A Harvard-led team has created nanodevices made of DNA that self-assemble and can be programmed to move and change shape. They’re perfect for medical applications, says the team, because DNA is biocompatible and biodegradable.
Each device is made of a circular, single-stranded DNA molecule that, when mixed together with many short pieces of complementary DNA, self-assembles into a predetermined 3D structure.
Double helices fold up into larger, rigid linear struts that are connected by single-stranded DNA. These single strands pull the struts up into a 3D form.
“These little Swiss Army knives can help us make all kinds of things that could be useful for advanced drug delivery and regenerative medicine,” said lead investigator William Shih, Harvard Wyss Institute core faculty member and associate professor of biological chemistry and molecular pharmacology at HMS and Dana-Farber Cancer Institute.
“We also have a handy biological DNA Xerox machine that nature evolved for us, making these devices easy to manufacture.”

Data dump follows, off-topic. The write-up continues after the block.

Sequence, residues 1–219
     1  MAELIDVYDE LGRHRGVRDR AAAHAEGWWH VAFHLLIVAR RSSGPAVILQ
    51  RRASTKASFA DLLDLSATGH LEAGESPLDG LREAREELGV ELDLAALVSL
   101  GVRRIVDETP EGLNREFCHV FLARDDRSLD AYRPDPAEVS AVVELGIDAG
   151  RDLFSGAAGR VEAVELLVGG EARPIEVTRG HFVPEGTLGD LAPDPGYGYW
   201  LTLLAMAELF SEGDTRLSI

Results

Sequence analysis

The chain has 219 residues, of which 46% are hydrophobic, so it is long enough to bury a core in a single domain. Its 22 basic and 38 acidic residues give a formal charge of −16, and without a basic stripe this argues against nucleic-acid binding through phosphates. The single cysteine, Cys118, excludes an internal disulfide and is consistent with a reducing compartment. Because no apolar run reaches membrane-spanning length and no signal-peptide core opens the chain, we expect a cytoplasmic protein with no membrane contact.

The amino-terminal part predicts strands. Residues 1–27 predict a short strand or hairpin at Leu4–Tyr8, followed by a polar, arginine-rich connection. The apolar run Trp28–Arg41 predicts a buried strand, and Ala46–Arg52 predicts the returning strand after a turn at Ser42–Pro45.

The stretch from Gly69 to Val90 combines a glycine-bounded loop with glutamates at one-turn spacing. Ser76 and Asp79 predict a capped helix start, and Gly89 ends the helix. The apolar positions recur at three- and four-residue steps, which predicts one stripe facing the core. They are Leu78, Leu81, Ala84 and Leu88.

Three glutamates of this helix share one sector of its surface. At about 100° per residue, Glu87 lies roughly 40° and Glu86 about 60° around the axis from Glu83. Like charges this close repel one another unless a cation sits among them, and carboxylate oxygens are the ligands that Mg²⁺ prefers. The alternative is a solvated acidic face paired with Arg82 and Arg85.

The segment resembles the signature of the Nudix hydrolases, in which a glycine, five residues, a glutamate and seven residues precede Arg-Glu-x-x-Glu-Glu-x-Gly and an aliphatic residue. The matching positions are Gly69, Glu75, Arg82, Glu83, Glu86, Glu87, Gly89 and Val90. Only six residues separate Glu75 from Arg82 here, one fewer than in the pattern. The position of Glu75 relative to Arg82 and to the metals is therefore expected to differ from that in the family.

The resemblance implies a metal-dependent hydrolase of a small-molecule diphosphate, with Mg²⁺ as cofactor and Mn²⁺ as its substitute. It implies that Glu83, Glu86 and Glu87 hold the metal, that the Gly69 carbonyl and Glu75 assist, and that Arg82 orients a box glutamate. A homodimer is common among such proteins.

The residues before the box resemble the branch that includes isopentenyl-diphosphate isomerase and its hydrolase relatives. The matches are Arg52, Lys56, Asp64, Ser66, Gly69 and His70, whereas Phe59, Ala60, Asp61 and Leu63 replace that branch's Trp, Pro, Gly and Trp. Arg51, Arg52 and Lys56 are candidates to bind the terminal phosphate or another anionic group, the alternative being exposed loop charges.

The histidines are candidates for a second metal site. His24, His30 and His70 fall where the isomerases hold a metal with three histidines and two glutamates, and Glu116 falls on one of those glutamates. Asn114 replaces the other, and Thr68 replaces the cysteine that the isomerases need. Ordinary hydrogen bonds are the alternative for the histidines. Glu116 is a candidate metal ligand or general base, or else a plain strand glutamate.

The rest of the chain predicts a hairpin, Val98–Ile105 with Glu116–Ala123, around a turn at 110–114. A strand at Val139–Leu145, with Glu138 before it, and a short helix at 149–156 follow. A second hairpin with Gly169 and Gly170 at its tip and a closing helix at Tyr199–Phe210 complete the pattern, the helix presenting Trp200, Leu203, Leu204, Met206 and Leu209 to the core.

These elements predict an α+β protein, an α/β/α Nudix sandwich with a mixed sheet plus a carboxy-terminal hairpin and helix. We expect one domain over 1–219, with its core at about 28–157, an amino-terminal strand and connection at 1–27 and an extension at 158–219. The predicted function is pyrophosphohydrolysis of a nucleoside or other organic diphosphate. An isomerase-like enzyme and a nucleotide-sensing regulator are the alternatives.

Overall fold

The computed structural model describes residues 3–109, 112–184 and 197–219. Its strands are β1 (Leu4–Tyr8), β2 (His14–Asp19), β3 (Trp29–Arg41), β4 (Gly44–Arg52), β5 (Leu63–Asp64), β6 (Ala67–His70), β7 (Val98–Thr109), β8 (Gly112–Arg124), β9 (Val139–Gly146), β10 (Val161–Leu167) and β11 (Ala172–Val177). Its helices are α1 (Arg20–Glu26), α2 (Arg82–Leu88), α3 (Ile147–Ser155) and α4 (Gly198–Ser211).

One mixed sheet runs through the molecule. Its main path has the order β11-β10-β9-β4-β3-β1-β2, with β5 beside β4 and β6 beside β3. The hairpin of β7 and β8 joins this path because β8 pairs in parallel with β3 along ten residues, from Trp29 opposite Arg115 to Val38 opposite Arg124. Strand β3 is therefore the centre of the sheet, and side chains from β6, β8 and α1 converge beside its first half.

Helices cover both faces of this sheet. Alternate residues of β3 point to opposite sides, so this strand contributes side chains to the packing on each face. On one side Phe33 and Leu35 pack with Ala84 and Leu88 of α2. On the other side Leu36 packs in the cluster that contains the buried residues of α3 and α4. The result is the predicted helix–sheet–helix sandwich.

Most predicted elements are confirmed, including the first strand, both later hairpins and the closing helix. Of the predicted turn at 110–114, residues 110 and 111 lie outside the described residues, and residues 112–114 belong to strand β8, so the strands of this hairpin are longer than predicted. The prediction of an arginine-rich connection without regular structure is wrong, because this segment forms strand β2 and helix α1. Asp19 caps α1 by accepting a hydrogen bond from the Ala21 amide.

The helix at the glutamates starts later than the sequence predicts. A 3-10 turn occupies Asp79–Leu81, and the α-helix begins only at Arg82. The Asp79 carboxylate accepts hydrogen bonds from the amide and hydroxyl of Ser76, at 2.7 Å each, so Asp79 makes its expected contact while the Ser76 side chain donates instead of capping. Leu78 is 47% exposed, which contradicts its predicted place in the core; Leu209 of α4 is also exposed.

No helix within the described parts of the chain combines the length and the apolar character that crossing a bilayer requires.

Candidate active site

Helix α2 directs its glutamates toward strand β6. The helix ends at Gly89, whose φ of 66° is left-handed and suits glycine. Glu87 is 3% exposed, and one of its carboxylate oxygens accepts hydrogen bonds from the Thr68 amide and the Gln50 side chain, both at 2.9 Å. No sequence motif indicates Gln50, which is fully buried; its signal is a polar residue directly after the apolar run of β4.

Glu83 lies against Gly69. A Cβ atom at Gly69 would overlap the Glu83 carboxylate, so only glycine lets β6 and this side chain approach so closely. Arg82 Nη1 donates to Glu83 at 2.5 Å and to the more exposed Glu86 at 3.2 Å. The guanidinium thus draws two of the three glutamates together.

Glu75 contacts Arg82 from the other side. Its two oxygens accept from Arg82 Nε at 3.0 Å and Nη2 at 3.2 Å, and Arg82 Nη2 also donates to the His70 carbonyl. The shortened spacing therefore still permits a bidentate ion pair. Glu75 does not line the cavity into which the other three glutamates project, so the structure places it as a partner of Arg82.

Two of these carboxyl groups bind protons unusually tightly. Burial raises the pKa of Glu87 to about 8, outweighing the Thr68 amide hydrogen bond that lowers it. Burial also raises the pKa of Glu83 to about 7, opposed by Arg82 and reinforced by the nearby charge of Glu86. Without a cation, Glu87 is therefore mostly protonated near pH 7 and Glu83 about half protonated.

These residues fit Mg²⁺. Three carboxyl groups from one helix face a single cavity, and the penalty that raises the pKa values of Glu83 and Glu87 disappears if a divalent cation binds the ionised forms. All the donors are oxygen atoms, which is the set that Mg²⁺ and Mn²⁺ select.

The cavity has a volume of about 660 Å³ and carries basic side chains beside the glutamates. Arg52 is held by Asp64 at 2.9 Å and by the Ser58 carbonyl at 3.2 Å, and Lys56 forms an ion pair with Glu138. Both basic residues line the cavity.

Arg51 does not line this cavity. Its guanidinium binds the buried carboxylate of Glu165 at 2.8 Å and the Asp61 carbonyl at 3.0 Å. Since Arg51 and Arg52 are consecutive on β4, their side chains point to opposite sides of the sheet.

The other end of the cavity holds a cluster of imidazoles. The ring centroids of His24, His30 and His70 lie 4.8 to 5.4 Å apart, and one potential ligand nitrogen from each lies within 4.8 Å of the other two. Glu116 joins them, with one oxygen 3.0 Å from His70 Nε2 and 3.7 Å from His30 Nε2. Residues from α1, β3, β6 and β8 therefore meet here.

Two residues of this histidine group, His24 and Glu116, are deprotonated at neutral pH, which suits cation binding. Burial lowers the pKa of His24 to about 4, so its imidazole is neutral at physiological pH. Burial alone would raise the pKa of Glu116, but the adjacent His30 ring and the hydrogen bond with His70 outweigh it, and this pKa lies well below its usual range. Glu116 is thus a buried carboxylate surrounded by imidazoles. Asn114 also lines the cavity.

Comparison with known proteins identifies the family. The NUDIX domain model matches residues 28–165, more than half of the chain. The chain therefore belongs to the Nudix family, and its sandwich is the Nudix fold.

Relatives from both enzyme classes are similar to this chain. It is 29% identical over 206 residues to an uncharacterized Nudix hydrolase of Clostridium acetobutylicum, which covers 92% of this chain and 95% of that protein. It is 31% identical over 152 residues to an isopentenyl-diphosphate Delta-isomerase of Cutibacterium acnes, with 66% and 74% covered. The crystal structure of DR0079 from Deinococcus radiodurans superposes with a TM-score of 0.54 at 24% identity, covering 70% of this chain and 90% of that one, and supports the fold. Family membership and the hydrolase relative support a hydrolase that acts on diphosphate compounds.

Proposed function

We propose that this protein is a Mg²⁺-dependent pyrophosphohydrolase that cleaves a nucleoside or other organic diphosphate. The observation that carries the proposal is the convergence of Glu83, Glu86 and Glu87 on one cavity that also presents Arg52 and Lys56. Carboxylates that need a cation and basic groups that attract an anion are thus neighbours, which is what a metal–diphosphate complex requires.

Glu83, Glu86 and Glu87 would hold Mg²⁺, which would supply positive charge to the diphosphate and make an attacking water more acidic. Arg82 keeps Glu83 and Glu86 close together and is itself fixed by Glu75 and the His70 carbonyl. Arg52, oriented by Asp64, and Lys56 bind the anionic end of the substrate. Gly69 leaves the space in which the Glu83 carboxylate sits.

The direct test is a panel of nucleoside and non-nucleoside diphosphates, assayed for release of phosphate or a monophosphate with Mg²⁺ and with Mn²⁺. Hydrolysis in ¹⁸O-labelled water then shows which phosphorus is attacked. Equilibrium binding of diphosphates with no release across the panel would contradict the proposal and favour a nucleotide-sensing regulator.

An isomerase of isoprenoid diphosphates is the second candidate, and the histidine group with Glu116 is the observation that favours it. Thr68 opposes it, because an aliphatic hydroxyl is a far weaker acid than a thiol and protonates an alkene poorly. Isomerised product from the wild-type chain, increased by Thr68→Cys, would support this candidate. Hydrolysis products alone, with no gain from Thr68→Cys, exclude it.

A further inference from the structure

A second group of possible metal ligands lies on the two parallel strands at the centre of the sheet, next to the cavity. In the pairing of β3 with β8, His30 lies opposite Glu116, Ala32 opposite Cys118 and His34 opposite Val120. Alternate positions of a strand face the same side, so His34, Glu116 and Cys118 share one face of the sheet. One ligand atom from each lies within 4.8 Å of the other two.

“This new self-assembly based nanofabrication technology could lead to nanoscale medical devices and drug delivery systems, such as virus mimics that introduce drugs directly into diseased cells,” said co-investigator and Wyss Institute director Don Ingber.
A nanodevice that can spring open in response to a chemical or mechanical signal could ensure that drugs are released when and where desired. Similar devices could even one day reprogram human stem cells to regenerate injured organs.
This new capability “is a welcome element in the structural DNA nanotechnology toolbox,” said Ned Seeman, professor of chemistry at New York University.